Jordan Rosenfeld @Jordanrosenfeld
Commit to your writing in healthy, manageable sittings. Don’t binge, don’t starve. #WritersGuide2Persistence #amwriting


Procrastination takes over…

dog as life coach mailing label

dog lives for the day mailing labels

Seems I’m getting a little text-fatigued lately.

At least that’s my piddly excuse for engaging in a short detour into the world of semi-useful graphics.

I figured creating these mailing labels for a colleague’s upcoming birthday was just the ticket. Jon Acuff, in his book Finish: Give Yourself the Gift of Done, which, no, I still haven’t finished, would label this little departure from more important projects, a ‘noble objective’.

[It just hit me…this post isn’t exactly a solid endorsement for his book, is it?]

Then again, it may just be a plaintive cry for help from someone who just can’t [or doesn’t want to] stay focused, because this book really is the real deal. It’s like he knows me. [I take that back. If he really knew me, he’d probably shake his head and see me as a lost cause.] Whatever the case, I like the book and I am learning, if not immediately applying, a lot.




Writers Horoscope January 12: Finally, something in your wheelhouse…


For today’s 500-word challenge, I’ve been asked to teach something to my thousands [okay, millions] of readers.
Let’s go with procrastination. [Note: I did only a light edit, which is, of course, completely counter to what we polished procrastinators usually do—pore and writhe in agony over word choice, missing commas [most readers wouldn’t notice, but by God, you will…]
First off, start your day with email. You would be surprised how fluent and outright wordy and, even insightful, you become with your emails when you have some more pressing creative pursuit knocking on your conscious or your subconscious. You start noticing quirks in your respondents’ writing style and yucking it up over them. You even suggest some possible fixes, almost as if you know what you’re talking about. Of course, knowing what you’re talking about is secondary to creating the aura of intelligence, experience, and wisdom. The main thing is this: You HAVE to avoid the other work that is calling out for your attention. No matter that you have built your points and premises on a firm foundation of ignorance. Just keep writing.

Okay, so your hands are about to fall off from your feverish keyboarding.

Take a break. Make sure it involves removing yourself from any temptation to listen to your nearly bound and gagged muse. I would suggest cleaning the garage. But tread lightly, bucko, because you might run across boxes of notebooks filled with half-spun tales, expertly written, that might make you think you actually have the talent to get something published. ‘Half-spun’ is the operative term here, by the way. You would risk being engulfed by guilt over never finishing anything and let’s face it, do you really want to risk all that time and energy on a project that probably won’t dig its way out of a slush pile, digital or otherwise?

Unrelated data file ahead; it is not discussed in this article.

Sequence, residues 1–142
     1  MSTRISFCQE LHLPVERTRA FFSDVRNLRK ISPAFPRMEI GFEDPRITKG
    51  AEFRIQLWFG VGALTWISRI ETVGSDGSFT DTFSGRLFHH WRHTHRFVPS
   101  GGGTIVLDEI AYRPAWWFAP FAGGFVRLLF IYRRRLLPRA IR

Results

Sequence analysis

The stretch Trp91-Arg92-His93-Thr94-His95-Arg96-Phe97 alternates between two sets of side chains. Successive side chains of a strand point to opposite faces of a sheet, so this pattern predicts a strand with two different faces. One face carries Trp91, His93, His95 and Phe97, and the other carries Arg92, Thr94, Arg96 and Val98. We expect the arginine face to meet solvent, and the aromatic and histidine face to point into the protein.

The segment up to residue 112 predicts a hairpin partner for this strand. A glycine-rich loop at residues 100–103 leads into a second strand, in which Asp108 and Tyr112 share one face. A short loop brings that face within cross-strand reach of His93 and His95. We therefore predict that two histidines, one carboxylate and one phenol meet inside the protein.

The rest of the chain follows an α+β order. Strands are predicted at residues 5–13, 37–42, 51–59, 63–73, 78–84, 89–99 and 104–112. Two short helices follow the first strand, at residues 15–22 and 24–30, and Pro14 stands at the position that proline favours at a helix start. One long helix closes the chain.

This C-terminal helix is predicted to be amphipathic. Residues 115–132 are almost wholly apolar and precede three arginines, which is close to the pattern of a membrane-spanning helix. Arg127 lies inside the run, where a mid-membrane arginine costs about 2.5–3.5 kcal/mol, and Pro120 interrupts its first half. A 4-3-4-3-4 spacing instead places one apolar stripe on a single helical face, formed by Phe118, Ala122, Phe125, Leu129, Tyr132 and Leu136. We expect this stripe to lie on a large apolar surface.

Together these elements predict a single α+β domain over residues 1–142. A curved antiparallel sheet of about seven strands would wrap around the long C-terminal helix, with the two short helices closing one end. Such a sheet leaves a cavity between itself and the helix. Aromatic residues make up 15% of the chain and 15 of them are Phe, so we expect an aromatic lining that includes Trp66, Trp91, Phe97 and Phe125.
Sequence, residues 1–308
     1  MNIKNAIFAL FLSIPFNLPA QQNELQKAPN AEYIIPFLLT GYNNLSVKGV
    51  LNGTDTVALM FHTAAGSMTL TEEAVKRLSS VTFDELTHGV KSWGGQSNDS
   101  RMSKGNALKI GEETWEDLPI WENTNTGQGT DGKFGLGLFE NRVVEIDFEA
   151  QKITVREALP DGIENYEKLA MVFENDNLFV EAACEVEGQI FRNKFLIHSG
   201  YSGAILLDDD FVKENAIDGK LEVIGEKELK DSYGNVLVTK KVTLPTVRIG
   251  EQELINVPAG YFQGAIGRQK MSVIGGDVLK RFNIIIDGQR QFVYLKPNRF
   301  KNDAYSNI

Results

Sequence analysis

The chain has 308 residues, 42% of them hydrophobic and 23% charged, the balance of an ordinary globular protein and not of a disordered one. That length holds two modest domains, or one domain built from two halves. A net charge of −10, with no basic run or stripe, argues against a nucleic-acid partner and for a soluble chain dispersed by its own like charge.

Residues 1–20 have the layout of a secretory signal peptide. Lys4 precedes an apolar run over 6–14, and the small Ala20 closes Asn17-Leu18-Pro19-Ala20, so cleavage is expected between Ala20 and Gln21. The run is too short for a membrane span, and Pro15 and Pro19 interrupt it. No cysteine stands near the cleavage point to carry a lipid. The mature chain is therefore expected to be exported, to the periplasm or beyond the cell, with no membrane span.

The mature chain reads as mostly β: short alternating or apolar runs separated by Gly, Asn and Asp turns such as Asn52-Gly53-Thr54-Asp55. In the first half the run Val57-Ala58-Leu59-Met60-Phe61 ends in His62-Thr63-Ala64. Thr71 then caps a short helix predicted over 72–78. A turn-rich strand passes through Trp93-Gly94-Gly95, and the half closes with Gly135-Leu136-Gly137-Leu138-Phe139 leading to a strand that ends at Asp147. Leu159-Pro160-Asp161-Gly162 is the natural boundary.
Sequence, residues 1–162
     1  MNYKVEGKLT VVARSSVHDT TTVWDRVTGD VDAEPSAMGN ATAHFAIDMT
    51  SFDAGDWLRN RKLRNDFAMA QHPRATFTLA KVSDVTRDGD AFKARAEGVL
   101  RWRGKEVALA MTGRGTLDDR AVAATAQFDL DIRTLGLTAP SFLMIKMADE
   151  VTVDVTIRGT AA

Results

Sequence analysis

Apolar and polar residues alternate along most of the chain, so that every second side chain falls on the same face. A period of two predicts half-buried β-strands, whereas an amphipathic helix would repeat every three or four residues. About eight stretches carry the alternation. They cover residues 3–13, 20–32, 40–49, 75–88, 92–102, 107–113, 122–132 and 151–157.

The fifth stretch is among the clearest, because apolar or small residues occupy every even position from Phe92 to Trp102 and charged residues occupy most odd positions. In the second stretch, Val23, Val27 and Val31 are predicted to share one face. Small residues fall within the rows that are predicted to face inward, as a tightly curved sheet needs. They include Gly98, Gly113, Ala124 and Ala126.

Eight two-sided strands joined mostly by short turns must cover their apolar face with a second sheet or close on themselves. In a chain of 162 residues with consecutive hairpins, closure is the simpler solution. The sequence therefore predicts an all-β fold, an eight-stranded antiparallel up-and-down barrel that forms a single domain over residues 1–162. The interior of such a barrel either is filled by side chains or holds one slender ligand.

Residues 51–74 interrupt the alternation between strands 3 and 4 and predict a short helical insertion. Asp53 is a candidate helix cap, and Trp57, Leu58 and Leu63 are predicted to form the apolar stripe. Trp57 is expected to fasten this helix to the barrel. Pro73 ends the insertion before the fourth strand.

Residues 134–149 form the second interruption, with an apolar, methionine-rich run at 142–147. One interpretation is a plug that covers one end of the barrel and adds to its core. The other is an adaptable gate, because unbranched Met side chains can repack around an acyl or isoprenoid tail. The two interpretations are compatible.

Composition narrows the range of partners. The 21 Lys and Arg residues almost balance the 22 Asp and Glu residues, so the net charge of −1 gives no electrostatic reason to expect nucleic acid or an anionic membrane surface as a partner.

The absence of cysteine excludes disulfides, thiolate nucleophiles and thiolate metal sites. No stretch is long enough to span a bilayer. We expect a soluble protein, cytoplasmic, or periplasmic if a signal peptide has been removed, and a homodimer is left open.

So, still in the garage, I would say that grabbing a broom and clearing away cobwebs from the rafters would pretty much remove you from the dangers of the ‘creative life’.

Okay, thank god the garage is web-free [mostly]. It’s time for coffee. Now where is that Bialetti pseudo-espresso maker you hadn’t thought about until just now? It’s gotta be underneath the cast-iron skillet which, hey, you could really go for some biscuits to accompany that coffee. Yeah, yeah, yeah, you could probably just throw those biscuits together in nothing flat, but Wednesday’s food section writer [what a hack—someone who actually finishes and publishes] spouted about the appeal of sourdough biscuits and now seems about the right time to throw together a little starter. Quite an appropriate term—starter. No one ever asks, though, if there is such a thing as sourdough finisher.

Well, that little detour did nothing to satisfy the need for an accompaniment to your coffee, now did it?

And geez, that one way-up-high cobweb is still haunting you. Okay, this is simple. You’re going to defrost some of that four-month-old vanilla brandied bundt cake while you venture back to the garage and pull out the ladder to vanquish that ever-threatening cobweb.

Yep, you have everything under control. A cleaner garage, some fresh coffee a brewin’, updated correspondence, and a room temperature piece of cake.
Life is good.
And the caffeine will no doubt fire you up for round two of the day’s creative effort.
But, wait, wasn’t that your phone’s notification chime?

Writers Horoscope January 11: You’re wilting under self-imposed pressures…


Since when did your writing become so onerous?

This writer takes a step back and gets a grip.

Quote: “There was neither the time, nor the energy, to think much about writing.
And I’m fine with it.”

“You Need To Practice Being Your Future Self,” demands Fox Business.
Future self? Oh, enough already. We need more articles about how to scale down and pace ourselves more calmly today, because life is a marathon instead of a sprint.”

So, writers, even though there’s been plenty of talk about goals here, perhaps the ultimate goal is deceleration. [I just love it when I contradict myself.]

The latest from January’s 500-word challenge:

An imagined interview with author of ‘Finish’, Jon Acuff